Let’s talk about ways you can use the principles of holistic nutrition to boost your sex drive. Good sex has numerous health benefits: it is immune-boosting, anti-aging, hormone-balancing, stress-reducing, and possibly even menstrual-cycle regulating (for those still menstruating). Sex supports relaxation and detoxification, and promotes general feelings of vitality and wellness (what I’m all about!). These are all good reasons to want to support a healthy sex drive. And, holistic nutrition can help.
What is a healthy sex drive?
If you google dictionary definitions, you’ll see sex drive/libido defined not only as sexual appetite, but also more broadly as the part of personality that drives desire and appetites (i.e. for life); as the energy of our biology; or as erotic drive. When she speaks about the erotic drive, the wonderful Esther Perel defines it as not limited to sex, but encompassing desire, passion, pleasure, mystery, aliveness, and wanting.
You have the right to a libido…your libido is not just for sex. It’s also an important part of your vitality and motivation for life.
That being said, you also shouldn’t feel that sex drive is just like in the movies – a constant, roaring fire that requires very little to stoke the flames. And that’s definitely not the goal here, to make you feel bad for not achieving a standard set by Hollywood that has really very little bearing on reality. The goal is to help you find the level of vitality and sex drive that feels right for you, and to give you information so that you can make changes where you’d like to. And of course, ultimately, the goal is also to help you RELEASE any burdens or expectations you’re been placing on yourself, since those are likely not helping either.
Sex drive is a tricky thing, though. Life is fast-paced and busy, and quite often we don’t spend much time focussed on pleasure – sexual, or otherwise. And we don’t often spend time thinking about what we actually NEED for that sex drive to be present, either physically or mentally. But a libido isn’t something that (for most of us) can be present without some efforts or attention.
What do you need for a healthy sex drive?
Sex drive is a particularly interesting and complex physiological AND psychological state – it’s all about how your body is functioning, but it’s equally about your emotions, and your relationships, and your mind. Sex drive is the ultimate mind-body-spirit interaction.
For women, the sex arc as defined by science includes arousal, plateau, orgasm, and resolution. To carry out this process in the most enjoyable and pleasurable way, there are some physical and mental/emotional requirements…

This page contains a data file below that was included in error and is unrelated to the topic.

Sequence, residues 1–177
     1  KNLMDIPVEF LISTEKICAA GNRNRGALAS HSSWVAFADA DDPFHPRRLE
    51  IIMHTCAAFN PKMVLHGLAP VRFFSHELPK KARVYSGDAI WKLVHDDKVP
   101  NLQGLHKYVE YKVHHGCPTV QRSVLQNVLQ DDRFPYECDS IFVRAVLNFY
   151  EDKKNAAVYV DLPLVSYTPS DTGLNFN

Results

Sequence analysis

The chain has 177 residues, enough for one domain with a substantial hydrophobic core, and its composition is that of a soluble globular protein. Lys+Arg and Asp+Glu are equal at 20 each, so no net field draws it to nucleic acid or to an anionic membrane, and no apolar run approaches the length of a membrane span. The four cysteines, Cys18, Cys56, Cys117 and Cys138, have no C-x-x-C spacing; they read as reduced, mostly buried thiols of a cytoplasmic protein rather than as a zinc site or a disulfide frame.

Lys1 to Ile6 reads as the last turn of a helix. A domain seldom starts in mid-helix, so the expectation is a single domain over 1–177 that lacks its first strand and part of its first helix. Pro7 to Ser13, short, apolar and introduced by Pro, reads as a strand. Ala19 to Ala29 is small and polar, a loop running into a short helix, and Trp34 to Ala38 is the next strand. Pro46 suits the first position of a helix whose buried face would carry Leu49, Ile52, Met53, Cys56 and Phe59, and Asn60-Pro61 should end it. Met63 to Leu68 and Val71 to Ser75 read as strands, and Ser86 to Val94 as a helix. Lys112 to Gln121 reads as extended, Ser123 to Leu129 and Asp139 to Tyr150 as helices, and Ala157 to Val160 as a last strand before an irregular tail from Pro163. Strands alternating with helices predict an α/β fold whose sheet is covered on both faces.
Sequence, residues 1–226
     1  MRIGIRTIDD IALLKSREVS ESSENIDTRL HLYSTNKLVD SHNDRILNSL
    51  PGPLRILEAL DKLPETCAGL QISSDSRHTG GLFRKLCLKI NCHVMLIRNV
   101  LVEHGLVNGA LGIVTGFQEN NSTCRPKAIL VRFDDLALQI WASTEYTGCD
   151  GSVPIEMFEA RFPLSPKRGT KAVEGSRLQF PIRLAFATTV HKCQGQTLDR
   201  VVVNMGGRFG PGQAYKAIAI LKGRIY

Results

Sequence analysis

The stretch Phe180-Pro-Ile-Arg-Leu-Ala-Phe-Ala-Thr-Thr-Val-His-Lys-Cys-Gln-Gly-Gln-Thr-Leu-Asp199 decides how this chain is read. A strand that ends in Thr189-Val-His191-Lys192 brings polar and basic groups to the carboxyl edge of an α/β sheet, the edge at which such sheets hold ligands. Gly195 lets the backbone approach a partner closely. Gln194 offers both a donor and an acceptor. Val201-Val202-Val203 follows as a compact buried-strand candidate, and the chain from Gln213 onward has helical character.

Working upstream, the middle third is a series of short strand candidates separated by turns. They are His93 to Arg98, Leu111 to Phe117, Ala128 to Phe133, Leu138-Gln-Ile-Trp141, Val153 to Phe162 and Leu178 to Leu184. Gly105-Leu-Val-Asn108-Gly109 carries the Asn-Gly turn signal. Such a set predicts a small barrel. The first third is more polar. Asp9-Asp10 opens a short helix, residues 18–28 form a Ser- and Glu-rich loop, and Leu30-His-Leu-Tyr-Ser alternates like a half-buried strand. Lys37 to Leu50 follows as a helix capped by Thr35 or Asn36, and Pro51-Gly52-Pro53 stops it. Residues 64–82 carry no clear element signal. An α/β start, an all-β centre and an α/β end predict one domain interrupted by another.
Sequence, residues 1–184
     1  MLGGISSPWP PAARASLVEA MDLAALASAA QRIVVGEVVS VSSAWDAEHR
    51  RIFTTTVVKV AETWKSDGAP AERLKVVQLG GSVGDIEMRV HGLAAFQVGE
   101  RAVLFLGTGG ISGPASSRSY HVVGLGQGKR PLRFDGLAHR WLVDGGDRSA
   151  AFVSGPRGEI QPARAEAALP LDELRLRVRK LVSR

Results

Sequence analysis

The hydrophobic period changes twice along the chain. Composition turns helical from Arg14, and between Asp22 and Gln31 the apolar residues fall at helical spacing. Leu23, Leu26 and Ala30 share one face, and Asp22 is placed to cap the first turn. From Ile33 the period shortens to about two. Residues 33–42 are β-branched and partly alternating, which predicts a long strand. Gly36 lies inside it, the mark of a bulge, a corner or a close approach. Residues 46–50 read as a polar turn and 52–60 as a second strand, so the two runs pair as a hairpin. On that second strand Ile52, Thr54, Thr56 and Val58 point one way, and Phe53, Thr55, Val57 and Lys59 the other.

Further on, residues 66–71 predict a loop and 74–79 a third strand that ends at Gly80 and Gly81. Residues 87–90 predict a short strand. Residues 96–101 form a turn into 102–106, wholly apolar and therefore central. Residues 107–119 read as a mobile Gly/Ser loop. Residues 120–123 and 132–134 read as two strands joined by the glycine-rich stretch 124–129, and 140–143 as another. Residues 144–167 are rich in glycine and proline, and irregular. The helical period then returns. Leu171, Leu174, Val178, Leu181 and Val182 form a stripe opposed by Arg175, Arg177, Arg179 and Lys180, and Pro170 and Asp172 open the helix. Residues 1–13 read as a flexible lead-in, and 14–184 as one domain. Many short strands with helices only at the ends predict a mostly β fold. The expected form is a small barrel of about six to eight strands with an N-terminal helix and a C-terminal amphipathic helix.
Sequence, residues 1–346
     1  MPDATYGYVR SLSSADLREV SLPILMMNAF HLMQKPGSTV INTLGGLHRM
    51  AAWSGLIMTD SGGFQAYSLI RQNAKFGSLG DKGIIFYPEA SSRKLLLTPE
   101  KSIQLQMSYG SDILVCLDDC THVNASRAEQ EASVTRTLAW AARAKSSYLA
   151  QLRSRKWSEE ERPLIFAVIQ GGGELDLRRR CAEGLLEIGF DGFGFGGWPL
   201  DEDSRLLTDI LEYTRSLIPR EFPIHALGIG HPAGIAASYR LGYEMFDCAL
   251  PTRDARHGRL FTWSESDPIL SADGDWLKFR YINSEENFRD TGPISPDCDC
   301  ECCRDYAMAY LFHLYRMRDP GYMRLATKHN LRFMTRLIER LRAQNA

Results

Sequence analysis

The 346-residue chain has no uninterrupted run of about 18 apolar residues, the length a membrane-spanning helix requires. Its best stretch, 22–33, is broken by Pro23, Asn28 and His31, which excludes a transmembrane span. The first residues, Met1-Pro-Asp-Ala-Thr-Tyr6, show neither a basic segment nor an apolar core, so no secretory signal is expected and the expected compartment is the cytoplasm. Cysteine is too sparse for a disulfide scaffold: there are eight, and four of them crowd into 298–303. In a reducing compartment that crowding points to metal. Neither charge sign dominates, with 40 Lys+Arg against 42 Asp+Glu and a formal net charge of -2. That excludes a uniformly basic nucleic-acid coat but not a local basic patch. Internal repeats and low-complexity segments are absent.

- healthy blood circulation (for blood pumping and blood flow to the genitals)
- balanced and functioning hormones (a healthy endocrine system),
- a bit of flexibility or the ability to actually carry-out the, you know, required activities (a baseline level of physical health but also range of motion);
- neurotransmitters (the brain’s chemicals) including nitric oxide (important for arousal in general, in terms of dilating blood vessels and helping with smooth muscle contraction)
- positive self-image and a sense of self-esteem and self-worth
- the ability to give and receive pleasure
- a positive relationship and a positive environment, whatever that looks like to you personally
- an attitude of fun
- some sense of erotic energy – freshness, romance, fantasy, creative expression (and not all of this has to be in the bedroom. This is where the life energy part comes in). NOTE: If you’re looking for GREAT information on the ‘erotic space’ and how that changes, grows, and shifts with relationships, please check out everything you can by Esther Perel. She’s a wonderful couples therapist, and she has lots of videos on YouTube.
Factors that Negatively Impact Sex Drive
Now that we’ve covered what you DO need for a healthy sex drive, let’s talk about what you DON’T need, or, what dampens your drive/influences its ebbs and flows.
- alcohol, smoking/nicotine, drugs
- inflammatory foods including sugar
- your personal lifestyle, attitudes, upbringing
- basic hormone levels and hormonal balance – things that might negatively impact your sex drive include anything from thyroid issues (hypothyroidism) to low testosterone to estrogen dominance. Blood testing through your naturopath (preferred, for a more in-depth look) or family doctor could be helpful to give you a sense of your levels.
- hormonal stages (perimenopause, menopause)
- the birth control pill
- where you are in your menstrual cycle – typically you’ll have a higher libido around ovulation (mid-way through your cycle) and a lower libido just before/during the time of actual bleeding (this is, of course, highly variant for each person)